Florida Pregnancy Center Sees Uptick in Babies Born After Planned Parenthood Closes Its Doors

By Gayle Irwin

Two years ago, Planned Parenthood of Southwest and Central Florida warned that it would have to close a facility if a change passed by Congress and signed by Donald Trump were to go into effect, stripping them of Title X Family Planning Funding.

Located in the rural and impoverished town of Immokalee, the facility operated as an abortion referral site for an economically vulnerable population.

“We’re talking about thousands of people in Collier County,” State Rep. Anna Eskamani, a former Planned Parenthood official, said at the time, suggesting that multitudes would be left without care.

But when the Immokalee Planned Parenthood location quietly closed later that year, Immokalee women had another place to turn.

“We didn’t see a lot of abortion-minded clients for several years – but then, all of a sudden, we saw an increase,” said Dave Hanson, a board member for Immokalee Pregnancy Center, Inc. “We are not certain about the exact reason for the (Planned Parenthood) office closing… But we began to pray that it would ever since we have been there.”

Hanson’s wife Diane, CEO of the center, says that between 2016 and 2018, client numbers shot up 19 percent. During that same time period, abortion vulnerable client numbers increased 40 percent.

“Now, we are the choice, the only choice, in Immokalee,” she said. “That has always been our goal.”

Now, as the sole pregnancy help option, the center provides a variety of services to empower women with even more choices. Offering free pregnancy tests, obstetrical ultrasounds, peer counseling, parenting classes, community referrals, and adoption support, the Immokalee Pregnancy Center is helping more and more mothers bring their babies into the world.

In the last ten years, the center’s client population has more than tripled, jumping from 40 to 50 clients per year in 2008 to 230 clients in 2018. To the joy of the center’s leadership, increased client numbers have meant increased births. Whereas 80 to 90 babies were born to clients in the past few years, 2018 saw 120 births.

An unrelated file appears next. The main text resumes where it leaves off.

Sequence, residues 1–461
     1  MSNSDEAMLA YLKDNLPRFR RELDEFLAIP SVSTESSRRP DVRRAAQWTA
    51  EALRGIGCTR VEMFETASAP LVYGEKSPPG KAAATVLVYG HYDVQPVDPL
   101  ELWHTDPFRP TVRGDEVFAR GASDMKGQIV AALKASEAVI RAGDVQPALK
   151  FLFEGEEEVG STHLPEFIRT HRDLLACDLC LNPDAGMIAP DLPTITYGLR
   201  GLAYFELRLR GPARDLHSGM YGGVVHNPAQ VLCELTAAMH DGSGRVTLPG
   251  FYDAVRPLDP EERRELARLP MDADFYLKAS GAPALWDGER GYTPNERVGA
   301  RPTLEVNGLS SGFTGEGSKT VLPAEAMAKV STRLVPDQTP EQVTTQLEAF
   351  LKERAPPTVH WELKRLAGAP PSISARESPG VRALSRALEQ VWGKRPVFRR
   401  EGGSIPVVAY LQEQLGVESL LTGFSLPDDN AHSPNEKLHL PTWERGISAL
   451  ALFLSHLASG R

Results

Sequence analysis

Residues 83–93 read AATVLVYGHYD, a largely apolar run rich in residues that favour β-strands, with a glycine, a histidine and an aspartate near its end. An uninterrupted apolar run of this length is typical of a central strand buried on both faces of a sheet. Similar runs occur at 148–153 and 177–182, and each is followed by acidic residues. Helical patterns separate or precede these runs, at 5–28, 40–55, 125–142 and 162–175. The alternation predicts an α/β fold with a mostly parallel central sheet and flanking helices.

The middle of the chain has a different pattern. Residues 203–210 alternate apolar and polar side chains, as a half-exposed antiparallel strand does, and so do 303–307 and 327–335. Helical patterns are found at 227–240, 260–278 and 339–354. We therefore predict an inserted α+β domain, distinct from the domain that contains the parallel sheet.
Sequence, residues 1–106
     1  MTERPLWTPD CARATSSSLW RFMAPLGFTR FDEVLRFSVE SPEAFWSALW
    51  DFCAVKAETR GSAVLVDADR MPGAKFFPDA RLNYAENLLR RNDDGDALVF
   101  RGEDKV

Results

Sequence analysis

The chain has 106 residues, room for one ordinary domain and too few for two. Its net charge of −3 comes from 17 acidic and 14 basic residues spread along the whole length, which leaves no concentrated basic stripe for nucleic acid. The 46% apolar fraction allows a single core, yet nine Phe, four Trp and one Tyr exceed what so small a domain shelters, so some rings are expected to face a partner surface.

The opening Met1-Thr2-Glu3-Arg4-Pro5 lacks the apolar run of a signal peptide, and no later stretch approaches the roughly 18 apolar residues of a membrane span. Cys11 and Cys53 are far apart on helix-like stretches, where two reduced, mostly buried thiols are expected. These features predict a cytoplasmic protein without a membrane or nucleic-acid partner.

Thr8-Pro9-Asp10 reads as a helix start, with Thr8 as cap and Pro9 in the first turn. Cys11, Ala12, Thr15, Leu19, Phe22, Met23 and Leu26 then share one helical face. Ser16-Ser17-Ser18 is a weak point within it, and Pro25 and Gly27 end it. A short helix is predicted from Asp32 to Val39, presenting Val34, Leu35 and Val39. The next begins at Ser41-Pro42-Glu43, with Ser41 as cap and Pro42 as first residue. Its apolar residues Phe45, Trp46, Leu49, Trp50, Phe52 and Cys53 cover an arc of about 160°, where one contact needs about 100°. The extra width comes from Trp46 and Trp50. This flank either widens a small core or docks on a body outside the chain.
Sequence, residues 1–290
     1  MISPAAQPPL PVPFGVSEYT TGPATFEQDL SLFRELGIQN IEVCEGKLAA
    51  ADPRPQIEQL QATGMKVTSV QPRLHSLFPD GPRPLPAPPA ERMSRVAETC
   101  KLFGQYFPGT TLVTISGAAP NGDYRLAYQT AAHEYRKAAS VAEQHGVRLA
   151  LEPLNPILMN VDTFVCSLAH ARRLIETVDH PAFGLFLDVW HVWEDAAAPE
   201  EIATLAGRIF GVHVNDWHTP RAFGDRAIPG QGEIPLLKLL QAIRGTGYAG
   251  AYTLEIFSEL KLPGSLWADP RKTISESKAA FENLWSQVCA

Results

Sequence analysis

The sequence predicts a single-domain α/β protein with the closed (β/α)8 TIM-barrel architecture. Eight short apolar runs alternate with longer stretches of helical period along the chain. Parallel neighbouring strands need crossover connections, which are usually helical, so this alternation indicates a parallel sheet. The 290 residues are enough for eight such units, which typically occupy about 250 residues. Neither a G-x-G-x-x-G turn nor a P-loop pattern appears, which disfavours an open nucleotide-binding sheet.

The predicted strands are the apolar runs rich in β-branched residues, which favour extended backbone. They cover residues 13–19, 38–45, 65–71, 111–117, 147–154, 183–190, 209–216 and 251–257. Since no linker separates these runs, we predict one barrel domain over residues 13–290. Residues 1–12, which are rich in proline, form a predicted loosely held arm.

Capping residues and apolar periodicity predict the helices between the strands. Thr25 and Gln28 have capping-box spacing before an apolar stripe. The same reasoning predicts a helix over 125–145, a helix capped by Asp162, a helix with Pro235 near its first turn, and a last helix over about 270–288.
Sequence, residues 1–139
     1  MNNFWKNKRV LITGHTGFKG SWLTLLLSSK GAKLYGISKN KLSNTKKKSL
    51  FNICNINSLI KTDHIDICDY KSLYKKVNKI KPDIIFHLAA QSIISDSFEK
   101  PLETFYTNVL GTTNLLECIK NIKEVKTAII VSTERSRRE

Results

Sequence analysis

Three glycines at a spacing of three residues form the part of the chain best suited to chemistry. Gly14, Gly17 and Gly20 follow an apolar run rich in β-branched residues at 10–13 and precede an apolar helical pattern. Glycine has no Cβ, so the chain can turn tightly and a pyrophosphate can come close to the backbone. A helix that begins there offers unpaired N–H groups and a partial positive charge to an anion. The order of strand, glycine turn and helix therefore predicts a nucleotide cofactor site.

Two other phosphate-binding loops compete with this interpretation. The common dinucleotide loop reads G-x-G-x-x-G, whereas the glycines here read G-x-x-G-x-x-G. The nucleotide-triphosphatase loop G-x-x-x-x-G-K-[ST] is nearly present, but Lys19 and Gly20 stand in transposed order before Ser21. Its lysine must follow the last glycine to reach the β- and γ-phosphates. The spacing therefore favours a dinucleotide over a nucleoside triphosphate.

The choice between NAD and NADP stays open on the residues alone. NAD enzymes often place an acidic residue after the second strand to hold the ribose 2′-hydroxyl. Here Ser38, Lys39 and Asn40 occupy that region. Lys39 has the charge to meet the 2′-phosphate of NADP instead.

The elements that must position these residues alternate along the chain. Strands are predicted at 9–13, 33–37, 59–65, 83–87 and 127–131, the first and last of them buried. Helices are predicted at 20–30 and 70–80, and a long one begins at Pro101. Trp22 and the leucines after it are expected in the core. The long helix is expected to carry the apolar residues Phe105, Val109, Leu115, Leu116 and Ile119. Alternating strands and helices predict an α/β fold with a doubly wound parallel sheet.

Other factors likely contributed to the increase in women served, such as increasing office hours and the addition of ultrasound services.

“We knew that we needed to do that to meet the need, and we wanted to do that,” Dave Hanson said.

The Knights of Columbus and a major donor provided the funds necessary to purchase the initial ultrasound machine in 2012 and then a new machine in 2016.

“We couldn’t have done it without that major donor and the tremendous support of the local and national Knights,” Diane Hanson said.

Along with broadening its services, the center has also grown its staff to meet the diverse needs of the Immokalee community.

Missional Focus

Located with a 40 mile radius of Naples, Fort Myers, and the Everglades, Immokalee (the Miccosukee Native American word for ‘My Home’) is about 70 percent Hispanic. Haitians and Native Americans also comprise much of the population. The wide range of cultures and languages has presented challenges to serving the community.

“About 20 percent of Immokalee residents are from Haiti,” said Diane Hanson. “Many do not speak English, and some can’t read or write. Visitors have often said, ‘It’s like a third-world country here.’”

That makes the presence of the Immokalee Pregnancy Center all the more important.

“Ours is a missional pregnancy center,” Dave Hanson explained.